joined eavesdropped a conversation of several women, most of them of color. The general consensus – surprising to me – was 1) she’s a different era blah blah 2) media needs to let it go and give her a break, giving the ‘victim’ claim legs and 3) they know if their sense of racial justice has been offended or not, so the press and pundits should stop telling them how they need to feel and think. The biggest concern: get to Walmart before they sell out of gooey cakes.
Plenty of advice out there, on what Paula Deen could do. Given the givens, I’d say Ms. Deen is a tell-all book, a ‘kiss and cry’ apology tour away from some type of comeback. She’s a known name, a brand; she probably won’t rebuild the full empire, but if Martha Stewart can do it I don’t see why not.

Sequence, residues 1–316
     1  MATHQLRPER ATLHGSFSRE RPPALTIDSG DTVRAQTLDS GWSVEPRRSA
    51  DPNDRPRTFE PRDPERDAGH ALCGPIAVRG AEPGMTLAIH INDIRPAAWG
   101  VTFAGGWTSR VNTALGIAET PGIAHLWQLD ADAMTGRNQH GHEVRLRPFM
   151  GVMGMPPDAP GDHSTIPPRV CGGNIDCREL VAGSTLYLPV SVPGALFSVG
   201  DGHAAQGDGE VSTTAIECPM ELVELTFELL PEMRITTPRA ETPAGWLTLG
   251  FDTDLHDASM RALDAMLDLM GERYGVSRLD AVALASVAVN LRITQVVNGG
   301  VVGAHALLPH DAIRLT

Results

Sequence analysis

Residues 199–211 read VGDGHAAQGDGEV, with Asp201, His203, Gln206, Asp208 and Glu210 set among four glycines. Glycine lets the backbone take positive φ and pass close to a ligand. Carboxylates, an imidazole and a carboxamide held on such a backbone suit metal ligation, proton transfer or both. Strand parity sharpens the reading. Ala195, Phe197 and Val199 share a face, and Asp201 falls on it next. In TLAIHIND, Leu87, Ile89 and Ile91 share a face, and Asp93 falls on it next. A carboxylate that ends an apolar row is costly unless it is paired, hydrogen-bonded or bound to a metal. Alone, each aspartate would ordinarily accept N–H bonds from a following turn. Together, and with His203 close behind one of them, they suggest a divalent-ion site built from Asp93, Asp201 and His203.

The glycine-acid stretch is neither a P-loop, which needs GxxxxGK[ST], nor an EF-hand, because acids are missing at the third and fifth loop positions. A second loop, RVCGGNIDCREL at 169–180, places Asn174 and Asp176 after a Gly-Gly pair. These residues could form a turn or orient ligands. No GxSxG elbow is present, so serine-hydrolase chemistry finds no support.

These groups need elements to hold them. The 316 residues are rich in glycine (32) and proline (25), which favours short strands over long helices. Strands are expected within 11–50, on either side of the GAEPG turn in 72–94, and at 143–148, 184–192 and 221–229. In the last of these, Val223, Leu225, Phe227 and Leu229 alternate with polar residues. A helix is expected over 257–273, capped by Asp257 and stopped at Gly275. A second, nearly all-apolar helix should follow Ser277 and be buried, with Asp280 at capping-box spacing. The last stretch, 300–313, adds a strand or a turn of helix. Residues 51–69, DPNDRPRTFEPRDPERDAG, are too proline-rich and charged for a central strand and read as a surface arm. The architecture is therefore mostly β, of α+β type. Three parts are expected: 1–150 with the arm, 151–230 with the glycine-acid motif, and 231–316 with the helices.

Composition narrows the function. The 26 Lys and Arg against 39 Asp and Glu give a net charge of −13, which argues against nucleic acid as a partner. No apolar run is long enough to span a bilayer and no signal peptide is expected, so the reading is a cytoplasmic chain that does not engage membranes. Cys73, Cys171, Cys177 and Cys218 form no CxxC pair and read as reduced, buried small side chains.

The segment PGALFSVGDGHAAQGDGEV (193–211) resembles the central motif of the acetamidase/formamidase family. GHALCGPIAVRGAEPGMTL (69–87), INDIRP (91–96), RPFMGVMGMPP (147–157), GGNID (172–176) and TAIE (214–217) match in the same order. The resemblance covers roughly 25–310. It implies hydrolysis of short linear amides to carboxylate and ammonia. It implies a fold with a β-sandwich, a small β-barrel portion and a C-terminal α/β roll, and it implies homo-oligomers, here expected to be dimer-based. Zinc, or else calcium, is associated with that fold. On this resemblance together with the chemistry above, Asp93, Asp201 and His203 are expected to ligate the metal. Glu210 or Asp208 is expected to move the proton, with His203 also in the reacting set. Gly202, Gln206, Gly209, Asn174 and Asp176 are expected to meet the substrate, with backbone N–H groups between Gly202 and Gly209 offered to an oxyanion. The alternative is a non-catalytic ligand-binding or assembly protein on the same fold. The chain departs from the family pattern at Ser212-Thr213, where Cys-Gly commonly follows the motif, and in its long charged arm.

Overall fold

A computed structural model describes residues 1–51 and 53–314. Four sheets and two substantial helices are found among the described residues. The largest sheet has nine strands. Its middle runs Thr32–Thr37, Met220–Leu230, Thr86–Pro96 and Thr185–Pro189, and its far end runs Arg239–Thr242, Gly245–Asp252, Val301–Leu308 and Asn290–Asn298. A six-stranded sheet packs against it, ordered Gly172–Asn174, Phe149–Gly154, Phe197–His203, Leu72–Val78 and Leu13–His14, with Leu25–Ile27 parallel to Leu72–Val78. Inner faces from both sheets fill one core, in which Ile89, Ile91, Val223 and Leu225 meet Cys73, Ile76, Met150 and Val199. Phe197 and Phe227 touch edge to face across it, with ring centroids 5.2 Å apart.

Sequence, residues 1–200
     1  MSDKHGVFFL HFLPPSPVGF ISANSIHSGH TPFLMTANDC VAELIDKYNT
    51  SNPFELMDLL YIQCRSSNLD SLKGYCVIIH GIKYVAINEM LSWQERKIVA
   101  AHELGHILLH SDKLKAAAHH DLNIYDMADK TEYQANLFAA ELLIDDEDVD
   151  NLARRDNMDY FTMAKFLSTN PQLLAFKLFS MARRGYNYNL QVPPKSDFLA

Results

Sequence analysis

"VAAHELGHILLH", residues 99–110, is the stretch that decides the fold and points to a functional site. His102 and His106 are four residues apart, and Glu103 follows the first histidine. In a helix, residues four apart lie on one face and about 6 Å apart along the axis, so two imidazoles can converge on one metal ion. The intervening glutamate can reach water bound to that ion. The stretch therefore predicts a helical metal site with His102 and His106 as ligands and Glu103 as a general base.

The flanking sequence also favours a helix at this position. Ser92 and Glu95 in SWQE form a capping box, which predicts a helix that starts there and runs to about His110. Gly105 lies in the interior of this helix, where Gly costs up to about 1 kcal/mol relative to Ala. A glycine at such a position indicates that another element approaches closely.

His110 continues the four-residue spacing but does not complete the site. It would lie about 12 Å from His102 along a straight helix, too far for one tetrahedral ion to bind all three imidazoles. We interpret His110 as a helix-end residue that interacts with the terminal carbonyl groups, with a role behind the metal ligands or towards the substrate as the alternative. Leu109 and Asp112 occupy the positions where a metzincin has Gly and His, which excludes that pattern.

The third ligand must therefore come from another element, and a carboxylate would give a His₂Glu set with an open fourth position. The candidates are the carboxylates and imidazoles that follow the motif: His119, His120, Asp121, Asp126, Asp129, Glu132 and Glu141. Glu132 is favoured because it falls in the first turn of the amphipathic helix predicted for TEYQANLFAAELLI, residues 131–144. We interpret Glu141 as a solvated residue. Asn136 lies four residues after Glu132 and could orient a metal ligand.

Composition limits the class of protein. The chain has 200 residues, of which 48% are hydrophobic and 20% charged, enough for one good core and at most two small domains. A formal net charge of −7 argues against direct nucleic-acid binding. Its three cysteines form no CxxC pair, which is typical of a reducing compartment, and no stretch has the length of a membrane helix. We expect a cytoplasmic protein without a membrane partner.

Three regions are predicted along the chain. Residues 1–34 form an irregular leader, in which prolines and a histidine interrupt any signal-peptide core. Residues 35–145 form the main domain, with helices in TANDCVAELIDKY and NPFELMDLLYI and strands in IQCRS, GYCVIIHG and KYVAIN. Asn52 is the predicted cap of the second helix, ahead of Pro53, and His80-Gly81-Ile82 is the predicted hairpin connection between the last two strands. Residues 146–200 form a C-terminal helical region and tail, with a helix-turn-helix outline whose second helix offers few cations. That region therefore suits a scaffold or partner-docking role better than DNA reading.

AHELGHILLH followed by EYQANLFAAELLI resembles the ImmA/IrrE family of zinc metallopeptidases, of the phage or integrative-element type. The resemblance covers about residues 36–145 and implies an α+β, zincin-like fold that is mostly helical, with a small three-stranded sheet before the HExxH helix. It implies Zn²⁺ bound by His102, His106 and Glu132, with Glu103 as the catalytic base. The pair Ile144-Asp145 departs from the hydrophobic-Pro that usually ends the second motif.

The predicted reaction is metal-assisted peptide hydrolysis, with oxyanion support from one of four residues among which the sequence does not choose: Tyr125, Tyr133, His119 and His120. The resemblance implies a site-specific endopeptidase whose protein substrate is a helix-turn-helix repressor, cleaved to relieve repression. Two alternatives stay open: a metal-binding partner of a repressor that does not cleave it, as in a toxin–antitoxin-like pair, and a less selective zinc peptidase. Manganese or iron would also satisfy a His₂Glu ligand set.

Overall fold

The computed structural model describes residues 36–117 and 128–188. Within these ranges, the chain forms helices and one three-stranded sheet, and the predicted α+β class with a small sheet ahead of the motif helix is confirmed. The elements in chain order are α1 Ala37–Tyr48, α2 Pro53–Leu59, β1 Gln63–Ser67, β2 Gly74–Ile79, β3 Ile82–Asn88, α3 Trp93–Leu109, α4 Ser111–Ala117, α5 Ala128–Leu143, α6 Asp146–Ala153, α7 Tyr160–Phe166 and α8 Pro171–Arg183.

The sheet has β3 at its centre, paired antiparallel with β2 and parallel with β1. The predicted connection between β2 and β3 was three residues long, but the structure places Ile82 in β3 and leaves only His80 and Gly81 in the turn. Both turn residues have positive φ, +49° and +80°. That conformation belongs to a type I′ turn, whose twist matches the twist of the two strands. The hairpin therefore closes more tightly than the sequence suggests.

Lesson: Hire smarter; communication strategy is better when the legal, PR teams work together.
Home Depot. Bad joke, stupid tweet. Ugh. This one annoyed me for many reasons. I never heard one whiff of complaint from a ‘real’ not media/marketing person. Home Depot pulled the crappy “aim, point finger, fired!” excuse as they blamed their SM agency. Like so many other blink-and-you-miss-it mistakes, I neither saw nor read one story about a lasting negative impact.
Lesson: Crisis or marketing proof perhaps? They’re a giant brand and if they sell what people need cheaper than the competition, the cash registers will keep ringing.
Duck Dynasty. Are people still fuming or reverse fuming at Cracker Barrel? Not the first time that brand has caught media ire, but I hadn’t caught anything about them lately and the bruhaha about this show seems to barely have carried over to 2014. Or I just stopped paying it any attention.